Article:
Besides being unmistakably Southern in character, Ransom's world is a world of fundamental opposites, a world where man is constantly made aware of "the inexhaustible ambiguities, the paradoxes and tensions, the dichotomies and ironies that make up [modern] life," wrote Thomas Daniel Young in a study of the poet. His themes, continued Young, emphasized "man's dual nature and the inevitable misery and disaster that always accompany the failure to recognize and accept this basic truth; mortality and the fleetingness of youthful vigor and grace, the inevitable decay of feminine beauty; the disparity between the world as man would have it and as it actually is, between what people want and need emotionally and what is available for them, between what man desires and what he can get; man's divided sensibilities and the wars constantly raging within him, the inevitable clash between body and mind, between reason and sensibility; the necessity of man's simultaneous apprehension of nature's indifference and mystery and his appreciation of her sensory beauties; the inability of modern man, in his incomplete and fragmentary state, to experience love."
These various dualisms in Ransom's poetry could best be described in terms of a debate between the head and the heart—that is, as Young noted, between reason and aesthetic sensibility. Ransom continually sought a balance between the two, a balance which, however precarious it might have been, tried to give equal time to both logic and sentiment. He detested extremes of either kind and deliberately strived for a certain detachment in his poetry that struck some critics as being rather cold and academic. By establishing such an "aesthetic distance," however, Ransom felt that he could provide the reader with a better view of his subject than those poets who imbued their work with sentimentalism and other distracting personal attitudes. Thus, the typical Ransom poem was never autobiographical or didactic, for, as Wesley Morris pointed out in his book Towards a New Historicism, "[Ransom's] dualistic theory demands that in the realm of poetic discourse the artist must never assert his own personality; he must remain as 'nearly anonymous' as possible." As a result, Thornton H. Parsons observed in his critical study, "a proper appreciation of Ransom's poetry calls for a modest cultivation of literary asceticism. The reader must accustom himself to the idea that he will encounter no portrayal of strong personalities, no highly emotional drama, and (except very faintly and indirectly) little sense of a poet's dreadful self-discovery. He must tune himself to register elusive subtleties of perception and elegances of rhyme, wit, and rhetoric. He must be somewhat willing to forgive Ransom for the acute esthetic self-consciousness that made him habitually subordinate passion to tonal control. He must be indulgent of Ransom's addictions to pale or paralyzing irony and to refined whimsicality. In brief, he should accept the limitations inherent in a civilized poetry and try to savor the fragile excellences."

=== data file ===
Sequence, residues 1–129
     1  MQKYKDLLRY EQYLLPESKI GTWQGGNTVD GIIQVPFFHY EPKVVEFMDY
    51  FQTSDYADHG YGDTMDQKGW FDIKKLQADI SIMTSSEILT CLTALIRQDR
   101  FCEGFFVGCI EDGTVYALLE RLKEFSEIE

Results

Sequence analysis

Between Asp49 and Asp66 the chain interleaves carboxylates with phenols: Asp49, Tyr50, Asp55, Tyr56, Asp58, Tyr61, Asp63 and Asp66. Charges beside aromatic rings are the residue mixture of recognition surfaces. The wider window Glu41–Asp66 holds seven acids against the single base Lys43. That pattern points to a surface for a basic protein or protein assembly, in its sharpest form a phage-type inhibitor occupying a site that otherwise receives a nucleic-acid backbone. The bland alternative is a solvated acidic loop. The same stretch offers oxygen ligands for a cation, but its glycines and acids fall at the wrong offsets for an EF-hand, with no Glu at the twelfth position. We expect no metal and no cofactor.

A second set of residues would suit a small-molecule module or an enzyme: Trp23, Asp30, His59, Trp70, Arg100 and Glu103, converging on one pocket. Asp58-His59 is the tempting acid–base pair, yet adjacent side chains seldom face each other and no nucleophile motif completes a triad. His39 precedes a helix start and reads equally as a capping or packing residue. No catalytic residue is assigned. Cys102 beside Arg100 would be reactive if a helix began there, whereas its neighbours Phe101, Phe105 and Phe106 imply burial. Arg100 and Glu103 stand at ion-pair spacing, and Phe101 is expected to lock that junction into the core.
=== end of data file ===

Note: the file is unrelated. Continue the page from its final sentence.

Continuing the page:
In Ransom's case, as Parsons suggested, these "fragile excellences had more to do with actual poetic technique than with the creation of a particular mood." Many critics, in fact, felt Ransom was one of the greatest stylists of modern American poetry due to what Stewart described as the "unabashed elegance and artifice [of his work], both carried at times to the edge of affectation and preciousness. This poetry is made and proudly exhibits its technical ingenuity." Randall Jarrell, among others, regarded this obsession with what he called "rhetorical machinery" as Ransom's "way of handling sentiment or emotion without ever seeming sentimental or over-emotional; as a way of keeping the poem at the proper aesthetic distance from its subject; and as a way for the poem to extract from its subject, no matter how unpleasant or embarrassing, an unembarrassed pleasure."
Stylistically, Ransom maintained a "proper aesthetic distance" through wit (primarily irony), tone, and diction. His humor, noted Karl F. Knight in The Poetry of John Crowe Ransom, is similar to that of Voltaire, Rabelais, Swift, and Twain in that "it is based upon a sense of far-reaching incongruity. The times are out of joint, Ransom seems to say, but we can still take an objective look at things. And a good way to keep one's balance is to look at things through a witty and ironic style." For the most part, stated Robert Buffington in his book The Equilibrist, this irony stemmed from a particular use of the language and "a subtle, and gentle, irony of tone." Rueful, wry, and often whimsical, Ransom's poetry was "detached, mock-pedantic, [and] wittily complicated," according to Jarrell, and displayed, said Parsons, a "peculiar kind of self-indulgence" and a certain "archaism and grandiloquence." His speech, wrote Buffington, "is that of the Gentleman, rather than that of the Common Man.... His sentences have the effect of an ease that can indulge itself in the direction of elegance. He is learned enough and assured enough to range in his words from the colloquial to the archaic or pedantic. Or to play a Latinate vocabulary off against an Anglo-Saxon."